At common law, ... an infamous crime is one whose commission brings infamy upon a convicted person, rendering him unfit and incompetent to testify as a witness, such crimes being treason, felony, and crimen falsi. This latter term means any offense involving corrupt deceit, or falsehood by which the public administration of justice may be impeded, such as perjury, subornation of perjury, forgery, bribery of witnesses, conspiracy in procuring non-attendance of witnesses, barratry, counterfeiting, cheating by false weights or measures, and conspiring to accuse an innocent person of crime.
In State v. Preston, 73 N.C. App. 174, 176, 325 S.E.2d 686, 688 (1985), a defendant was convicted of obstruction of justice by the State with evidence proving the elements of deceit and intent to defraud, but the indictment failed “to charge the essential elements of deceit and intent to defraud which are necessary to elevate the misdemeanor offense of obstruction of justice to a felony.” As a result the judgment was vacated. Here defendant was indicted for infamous offenses under the common law and G.S. § 14-3(b). As such the offenses are Class H felonies and are properly before the Superior Court under N.C. Gen. Stat. § 7A-271 (1985).
 The fifth error argued by defendant was the trial court’s refusal to instruct the jury concerning testimony of undercover agents or informants. N.C.P.I., Crim. 104.30. Defendant had raised an entrapment defense. Butler reported a crime to police and cooperated with police in their efforts to gather evidence of the crime. Butler was not in the employ of the police and did not receive payment for his cooperation. The trial court correctly refused to give the requested instruction.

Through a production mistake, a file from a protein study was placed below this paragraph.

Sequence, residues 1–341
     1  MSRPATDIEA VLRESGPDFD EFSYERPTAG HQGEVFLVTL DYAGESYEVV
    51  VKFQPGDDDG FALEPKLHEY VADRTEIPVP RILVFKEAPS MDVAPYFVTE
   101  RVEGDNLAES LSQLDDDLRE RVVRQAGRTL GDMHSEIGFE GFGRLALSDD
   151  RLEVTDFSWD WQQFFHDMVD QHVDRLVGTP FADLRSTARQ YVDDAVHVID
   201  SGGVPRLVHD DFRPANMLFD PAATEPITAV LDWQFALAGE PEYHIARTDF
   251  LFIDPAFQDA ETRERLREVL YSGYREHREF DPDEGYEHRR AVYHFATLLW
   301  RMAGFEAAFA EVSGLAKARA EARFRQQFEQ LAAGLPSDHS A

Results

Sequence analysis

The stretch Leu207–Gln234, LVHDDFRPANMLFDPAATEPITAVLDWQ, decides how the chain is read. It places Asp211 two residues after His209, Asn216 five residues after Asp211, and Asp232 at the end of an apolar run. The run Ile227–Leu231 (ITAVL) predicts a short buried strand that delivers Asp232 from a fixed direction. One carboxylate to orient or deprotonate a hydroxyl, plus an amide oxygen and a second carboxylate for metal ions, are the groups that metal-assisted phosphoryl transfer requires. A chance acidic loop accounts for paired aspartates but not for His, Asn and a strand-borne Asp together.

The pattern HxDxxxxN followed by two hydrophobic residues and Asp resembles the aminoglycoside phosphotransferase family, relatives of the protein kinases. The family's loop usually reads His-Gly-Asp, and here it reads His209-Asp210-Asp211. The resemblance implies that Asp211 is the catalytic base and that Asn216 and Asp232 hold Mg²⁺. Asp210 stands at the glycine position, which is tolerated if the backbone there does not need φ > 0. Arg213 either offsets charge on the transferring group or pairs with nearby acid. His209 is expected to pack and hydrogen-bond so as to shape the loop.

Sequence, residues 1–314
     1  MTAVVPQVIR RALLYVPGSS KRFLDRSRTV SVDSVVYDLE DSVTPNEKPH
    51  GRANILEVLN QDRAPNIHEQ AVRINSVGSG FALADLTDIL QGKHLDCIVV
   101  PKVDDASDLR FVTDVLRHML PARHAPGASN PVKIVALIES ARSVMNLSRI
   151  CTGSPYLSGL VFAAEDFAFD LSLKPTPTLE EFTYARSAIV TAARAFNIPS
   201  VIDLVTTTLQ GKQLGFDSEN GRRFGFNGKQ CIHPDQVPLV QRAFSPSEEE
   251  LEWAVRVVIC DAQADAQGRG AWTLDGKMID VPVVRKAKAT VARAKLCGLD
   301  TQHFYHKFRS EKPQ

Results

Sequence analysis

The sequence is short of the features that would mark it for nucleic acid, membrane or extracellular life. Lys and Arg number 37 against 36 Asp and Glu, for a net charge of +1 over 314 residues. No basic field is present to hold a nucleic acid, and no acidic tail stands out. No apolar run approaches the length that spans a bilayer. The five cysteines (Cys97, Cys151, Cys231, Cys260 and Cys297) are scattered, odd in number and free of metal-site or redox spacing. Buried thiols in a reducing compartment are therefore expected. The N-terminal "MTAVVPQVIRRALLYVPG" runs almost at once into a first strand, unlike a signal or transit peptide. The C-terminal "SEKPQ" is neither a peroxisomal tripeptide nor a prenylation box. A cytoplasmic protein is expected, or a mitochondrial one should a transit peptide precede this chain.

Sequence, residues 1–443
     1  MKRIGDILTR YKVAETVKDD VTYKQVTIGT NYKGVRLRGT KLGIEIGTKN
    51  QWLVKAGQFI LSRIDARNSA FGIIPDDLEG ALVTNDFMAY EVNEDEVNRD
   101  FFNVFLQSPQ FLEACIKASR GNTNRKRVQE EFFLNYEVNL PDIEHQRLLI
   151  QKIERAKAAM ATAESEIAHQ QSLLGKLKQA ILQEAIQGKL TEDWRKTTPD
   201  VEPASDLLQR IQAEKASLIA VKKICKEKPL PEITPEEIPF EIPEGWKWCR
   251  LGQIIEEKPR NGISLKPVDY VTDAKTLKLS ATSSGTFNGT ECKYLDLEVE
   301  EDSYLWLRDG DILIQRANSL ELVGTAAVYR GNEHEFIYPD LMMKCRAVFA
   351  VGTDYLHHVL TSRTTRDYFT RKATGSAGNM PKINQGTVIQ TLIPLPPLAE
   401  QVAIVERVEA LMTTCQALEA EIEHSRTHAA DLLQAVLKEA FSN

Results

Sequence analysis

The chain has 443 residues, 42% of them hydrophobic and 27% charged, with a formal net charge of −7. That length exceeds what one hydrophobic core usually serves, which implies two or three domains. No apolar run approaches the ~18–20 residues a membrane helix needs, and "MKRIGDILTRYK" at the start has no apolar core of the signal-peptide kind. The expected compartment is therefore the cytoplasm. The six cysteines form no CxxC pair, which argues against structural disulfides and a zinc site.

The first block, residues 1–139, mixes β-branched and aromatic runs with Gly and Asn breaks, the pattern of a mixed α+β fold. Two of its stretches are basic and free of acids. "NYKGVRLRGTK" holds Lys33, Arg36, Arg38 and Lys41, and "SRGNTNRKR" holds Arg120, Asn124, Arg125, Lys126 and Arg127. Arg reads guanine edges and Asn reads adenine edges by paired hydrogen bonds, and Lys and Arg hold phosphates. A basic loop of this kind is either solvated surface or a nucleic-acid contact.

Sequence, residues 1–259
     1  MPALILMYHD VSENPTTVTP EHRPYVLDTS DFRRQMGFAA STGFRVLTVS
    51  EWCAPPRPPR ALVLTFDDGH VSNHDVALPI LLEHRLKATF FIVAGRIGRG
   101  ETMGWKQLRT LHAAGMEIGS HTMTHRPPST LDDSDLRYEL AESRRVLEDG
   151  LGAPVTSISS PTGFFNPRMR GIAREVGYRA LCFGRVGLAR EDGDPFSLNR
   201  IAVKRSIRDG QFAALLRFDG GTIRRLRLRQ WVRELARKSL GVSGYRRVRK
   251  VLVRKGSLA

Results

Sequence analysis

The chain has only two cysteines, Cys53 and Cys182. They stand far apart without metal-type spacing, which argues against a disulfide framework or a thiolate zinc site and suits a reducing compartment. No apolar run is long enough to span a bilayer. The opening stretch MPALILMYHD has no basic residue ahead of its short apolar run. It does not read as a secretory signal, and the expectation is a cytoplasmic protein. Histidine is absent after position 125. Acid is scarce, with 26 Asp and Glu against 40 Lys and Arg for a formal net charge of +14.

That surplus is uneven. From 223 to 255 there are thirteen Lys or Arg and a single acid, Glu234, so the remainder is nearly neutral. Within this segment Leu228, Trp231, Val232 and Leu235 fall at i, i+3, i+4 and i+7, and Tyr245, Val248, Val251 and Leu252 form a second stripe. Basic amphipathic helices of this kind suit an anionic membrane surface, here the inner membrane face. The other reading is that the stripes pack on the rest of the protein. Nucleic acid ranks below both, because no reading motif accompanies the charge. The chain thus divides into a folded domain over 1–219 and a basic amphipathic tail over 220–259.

Defendant’s sixth assignment of error is the trial court committed plain error in instructing the jury on the law regarding an attempt to commit obstruction of justice. Defendant failed to object to the instruction at trial and cannot assign as error any portion of the jury charge. N.C.R. App. P. 10(b)(2). While the trial court did not utilize the pattern jury instruction (N.C.P.I., Crim. 201.10), the instruction given was a correct statement of law. State v. Smith, 300 N.C. 71, 265 S.E.2d 164 (1980). When no objection is made in the trial court, “[i]t is the rare case in which an improper instruction will justify reversal of a criminal conviction . . . .” State v. Odom, 307 N.C. 655, 661, 300 S.E.2d 375, 378 (1983) (quoting Henderson v. Kibbe, 431 U.S. 145, 154, 97 S.Ct. 1730, 1736, 52 L.Ed.2d 203, 212 (1977)). The instruction given does not constitute plain error.
 Defendant’s final assignment of error is the trial court committed plain error in instructing the jury on the third offense of solicitation to commit obstruction of justice in future cases. Defendant failed to object to this jury instruction at trial and cannot assign as error any portion of the jury charge. N.C.R. App. P. 10(b)(2). The trial court did not commit plain error by giving the jury in*294structions on solicitation to obstruct justice. Odom, 307 N.C. 655, 300 S.E.2d 375. As discussed earlier, the State presented evidence of the offense and the trial court correctly instructed the jury on the issue.
For the reasons set forth above, we find
Chief Judge HEDRICK and Judge GREENE concur.